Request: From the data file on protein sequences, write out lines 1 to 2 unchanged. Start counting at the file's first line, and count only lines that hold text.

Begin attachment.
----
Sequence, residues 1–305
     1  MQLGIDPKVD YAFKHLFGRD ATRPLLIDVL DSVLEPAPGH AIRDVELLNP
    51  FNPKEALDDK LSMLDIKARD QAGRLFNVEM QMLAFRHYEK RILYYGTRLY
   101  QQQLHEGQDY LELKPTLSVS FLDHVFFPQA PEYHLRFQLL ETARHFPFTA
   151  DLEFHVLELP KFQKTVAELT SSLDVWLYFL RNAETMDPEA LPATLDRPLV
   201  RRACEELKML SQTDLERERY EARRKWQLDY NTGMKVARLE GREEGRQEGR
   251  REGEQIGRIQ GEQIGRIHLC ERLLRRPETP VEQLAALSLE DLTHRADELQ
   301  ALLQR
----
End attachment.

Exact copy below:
Sequence, residues 1–305
     1  MQLGIDPKVD YAFKHLFGRD ATRPLLIDVL DSVLEPAPGH AIRDVELLNP